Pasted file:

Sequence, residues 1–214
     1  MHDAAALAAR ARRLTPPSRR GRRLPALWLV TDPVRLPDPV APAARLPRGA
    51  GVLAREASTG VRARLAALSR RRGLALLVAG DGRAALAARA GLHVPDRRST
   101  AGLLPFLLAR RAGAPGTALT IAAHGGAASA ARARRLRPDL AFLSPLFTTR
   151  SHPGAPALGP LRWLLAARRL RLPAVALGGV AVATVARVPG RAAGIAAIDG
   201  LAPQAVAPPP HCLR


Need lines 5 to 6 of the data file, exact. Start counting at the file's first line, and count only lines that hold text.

   151  SHPGAPALGP LRWLLAARRL RLPAVALGGV AVATVARVPG RAAGIAAIDG
   201  LAPQAVAPPP HCLR